Why I prefer StubHub over SeatGeek to sell my event tickets

Estimated read time: 3 minutes

I’ve shared my fantastic experiences with SeatGeek before. Once, I used it to buy a Toronto Blue Jays ticket for a game that started 45 minutes from now and I still had to clear customs into Canada. I bought it once in the cab! Game on!

And I’ve bought other tickets through SeatGeek this year and next (Yankees at Toronto, Redskins at Tampa Bay, Rangers at Pittsburgh Penguins). So it’s fair to say I love that app as a consumer. ⭐️⭐️⭐️⭐️⭐️

Based on my Twitter poll, SeatGeek might still be flying under the radar, though.

And then I was able to secure cheap college football tickets for an University of Iowa game. I certainly wouldn’t mind returning to Kinnick Stadium where I once was on the Hawkeyes team.

I also wouldn’t mind turning a profit and trying selling the tickets. I had them in hand. It was also a nice learning opportunity about money for my 10-year-old. And we discussed the options.

They were printed tickets. Could I even sell them online? This quickly?

I checked the SeatGeek app and there was no function to do that. OK. Heading to StubHub. They had a SELL TICKETS function right there in the app. Yay! All functionality on mobile matters!

On the next screen you could find your event and then add your tickets.

How? Just scan the barcode and StubHub ties into the Iowa football ticket office and puts a hold on the tickets. So you can’t use the printed ones unless you delete the listing.

It’s like scanning checks. You still have the check even after scanning it in your bank’s app, but you can’t deposit it twice.

The print to digital divide has been truly broken. #boom

StubHub even makes recommendations on pricing and you can see if they list it as a good deal or not. The best deals show up higher.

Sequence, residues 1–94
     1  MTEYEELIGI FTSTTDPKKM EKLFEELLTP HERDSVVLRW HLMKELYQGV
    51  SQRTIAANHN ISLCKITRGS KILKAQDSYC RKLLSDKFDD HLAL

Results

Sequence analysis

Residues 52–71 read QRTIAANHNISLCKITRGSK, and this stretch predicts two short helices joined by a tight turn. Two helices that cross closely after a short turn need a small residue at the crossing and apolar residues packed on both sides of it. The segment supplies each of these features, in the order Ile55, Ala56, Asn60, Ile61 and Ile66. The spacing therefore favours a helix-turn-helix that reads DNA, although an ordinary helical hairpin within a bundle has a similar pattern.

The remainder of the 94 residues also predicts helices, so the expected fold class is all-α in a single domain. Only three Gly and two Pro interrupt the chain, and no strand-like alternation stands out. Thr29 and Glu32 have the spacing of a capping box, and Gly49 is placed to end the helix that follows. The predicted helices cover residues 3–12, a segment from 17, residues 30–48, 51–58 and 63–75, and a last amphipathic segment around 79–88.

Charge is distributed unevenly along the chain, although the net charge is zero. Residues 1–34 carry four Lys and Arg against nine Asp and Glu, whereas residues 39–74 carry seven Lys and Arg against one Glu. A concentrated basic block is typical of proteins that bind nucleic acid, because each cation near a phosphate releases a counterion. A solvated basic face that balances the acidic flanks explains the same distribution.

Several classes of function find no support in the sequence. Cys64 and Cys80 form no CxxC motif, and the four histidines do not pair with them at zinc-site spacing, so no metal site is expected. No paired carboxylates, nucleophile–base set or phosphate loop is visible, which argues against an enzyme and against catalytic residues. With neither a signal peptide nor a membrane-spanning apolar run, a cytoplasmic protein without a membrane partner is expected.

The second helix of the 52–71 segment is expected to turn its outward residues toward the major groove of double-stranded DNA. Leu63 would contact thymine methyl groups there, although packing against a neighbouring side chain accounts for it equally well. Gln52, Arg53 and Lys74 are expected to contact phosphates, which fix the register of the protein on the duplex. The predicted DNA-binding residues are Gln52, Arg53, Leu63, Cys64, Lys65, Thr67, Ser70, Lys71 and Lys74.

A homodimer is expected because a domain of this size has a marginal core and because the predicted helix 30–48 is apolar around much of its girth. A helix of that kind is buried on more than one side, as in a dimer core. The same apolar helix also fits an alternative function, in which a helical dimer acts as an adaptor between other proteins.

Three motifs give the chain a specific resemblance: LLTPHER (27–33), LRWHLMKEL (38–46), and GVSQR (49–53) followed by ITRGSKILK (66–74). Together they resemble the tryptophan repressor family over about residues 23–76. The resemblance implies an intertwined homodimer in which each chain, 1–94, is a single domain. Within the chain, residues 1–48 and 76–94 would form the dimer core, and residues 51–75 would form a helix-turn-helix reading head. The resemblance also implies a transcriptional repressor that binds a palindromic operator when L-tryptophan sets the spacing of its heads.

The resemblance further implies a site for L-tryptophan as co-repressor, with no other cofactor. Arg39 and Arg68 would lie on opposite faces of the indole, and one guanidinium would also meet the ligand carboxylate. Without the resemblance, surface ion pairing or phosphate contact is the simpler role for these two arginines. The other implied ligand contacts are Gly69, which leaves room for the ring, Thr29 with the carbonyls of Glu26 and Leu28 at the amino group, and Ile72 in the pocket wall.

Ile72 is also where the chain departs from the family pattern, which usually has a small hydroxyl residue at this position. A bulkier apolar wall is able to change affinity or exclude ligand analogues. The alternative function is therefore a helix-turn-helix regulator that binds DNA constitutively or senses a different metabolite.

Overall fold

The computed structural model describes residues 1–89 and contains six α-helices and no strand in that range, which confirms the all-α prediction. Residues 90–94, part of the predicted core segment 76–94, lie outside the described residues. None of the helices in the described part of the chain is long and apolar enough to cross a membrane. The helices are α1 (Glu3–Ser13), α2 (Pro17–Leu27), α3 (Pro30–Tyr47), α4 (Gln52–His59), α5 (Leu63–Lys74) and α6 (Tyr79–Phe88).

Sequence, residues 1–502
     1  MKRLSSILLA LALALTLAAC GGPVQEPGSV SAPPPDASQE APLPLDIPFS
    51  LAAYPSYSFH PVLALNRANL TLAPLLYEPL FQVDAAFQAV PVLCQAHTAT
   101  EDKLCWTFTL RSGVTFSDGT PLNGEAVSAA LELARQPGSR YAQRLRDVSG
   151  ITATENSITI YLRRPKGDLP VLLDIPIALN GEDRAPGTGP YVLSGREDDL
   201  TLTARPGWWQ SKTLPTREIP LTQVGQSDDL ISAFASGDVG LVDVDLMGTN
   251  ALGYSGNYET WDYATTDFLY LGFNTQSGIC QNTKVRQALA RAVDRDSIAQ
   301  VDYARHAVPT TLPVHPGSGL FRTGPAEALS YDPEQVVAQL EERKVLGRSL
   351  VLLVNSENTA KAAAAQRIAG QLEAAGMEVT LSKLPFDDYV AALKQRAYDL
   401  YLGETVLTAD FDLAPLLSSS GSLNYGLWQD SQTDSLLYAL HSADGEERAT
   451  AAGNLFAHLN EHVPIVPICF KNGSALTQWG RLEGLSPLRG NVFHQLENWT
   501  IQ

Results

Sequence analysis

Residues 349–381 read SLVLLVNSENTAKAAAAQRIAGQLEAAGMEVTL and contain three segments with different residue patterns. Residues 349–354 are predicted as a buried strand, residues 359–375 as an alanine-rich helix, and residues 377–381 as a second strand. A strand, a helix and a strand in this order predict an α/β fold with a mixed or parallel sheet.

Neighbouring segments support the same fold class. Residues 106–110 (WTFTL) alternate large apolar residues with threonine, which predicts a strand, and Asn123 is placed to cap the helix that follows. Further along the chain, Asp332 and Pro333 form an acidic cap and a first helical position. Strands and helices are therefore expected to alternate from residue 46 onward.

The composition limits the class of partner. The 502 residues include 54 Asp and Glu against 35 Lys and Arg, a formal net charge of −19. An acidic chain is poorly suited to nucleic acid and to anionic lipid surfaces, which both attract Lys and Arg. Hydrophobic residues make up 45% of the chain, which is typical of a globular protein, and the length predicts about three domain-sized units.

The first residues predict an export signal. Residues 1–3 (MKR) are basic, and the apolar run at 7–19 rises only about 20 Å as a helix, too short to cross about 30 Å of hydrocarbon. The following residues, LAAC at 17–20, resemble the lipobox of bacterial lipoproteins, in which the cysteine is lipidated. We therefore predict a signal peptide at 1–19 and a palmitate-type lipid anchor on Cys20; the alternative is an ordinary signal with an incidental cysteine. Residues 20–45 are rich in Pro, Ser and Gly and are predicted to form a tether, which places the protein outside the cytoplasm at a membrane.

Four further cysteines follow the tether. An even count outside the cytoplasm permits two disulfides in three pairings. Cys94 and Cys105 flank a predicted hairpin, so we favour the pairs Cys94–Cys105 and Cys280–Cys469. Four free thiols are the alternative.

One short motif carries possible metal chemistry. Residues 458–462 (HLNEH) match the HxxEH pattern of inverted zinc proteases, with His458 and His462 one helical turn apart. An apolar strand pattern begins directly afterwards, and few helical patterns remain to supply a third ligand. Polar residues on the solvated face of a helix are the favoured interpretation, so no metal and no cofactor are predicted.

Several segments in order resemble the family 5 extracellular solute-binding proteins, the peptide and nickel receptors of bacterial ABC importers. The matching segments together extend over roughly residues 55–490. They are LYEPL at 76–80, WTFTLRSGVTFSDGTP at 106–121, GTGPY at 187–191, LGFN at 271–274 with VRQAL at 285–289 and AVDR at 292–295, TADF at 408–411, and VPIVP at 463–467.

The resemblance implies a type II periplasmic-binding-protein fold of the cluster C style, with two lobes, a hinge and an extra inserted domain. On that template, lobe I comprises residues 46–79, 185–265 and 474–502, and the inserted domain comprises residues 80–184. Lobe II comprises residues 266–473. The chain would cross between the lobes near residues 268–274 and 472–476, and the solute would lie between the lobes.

I settled on a price that was right in the sweet zone per the app:

If my tickets sell, my payout would be $124, which is more than twice what I paid for them. So not unhappy with that at all.

And my plan was to delete the listing mid afternoon if they still hadn’t sold and go to the game.

Overnight they did sell though. And that was that. The money is being transferred to my PayPal account. I’m not sure if PayPal takes a fee of that. I’m guessing they will. They take no fee.

We pay for the technology through our fees, you know.

One thing I didn’t notice was that StubHub would allow people to buy just one ticket. And then if the other one didn’t sell I could go by myself or let it go. That scenario wouldn’t have made me money and with PayPal fees I would have lost a couple bucks.

That didn’t happen and both tickets sold so no worries but something to think about.

For this purpose, the StubHub experience was easy and great. I would highly recommend using the app to sell your tickets.

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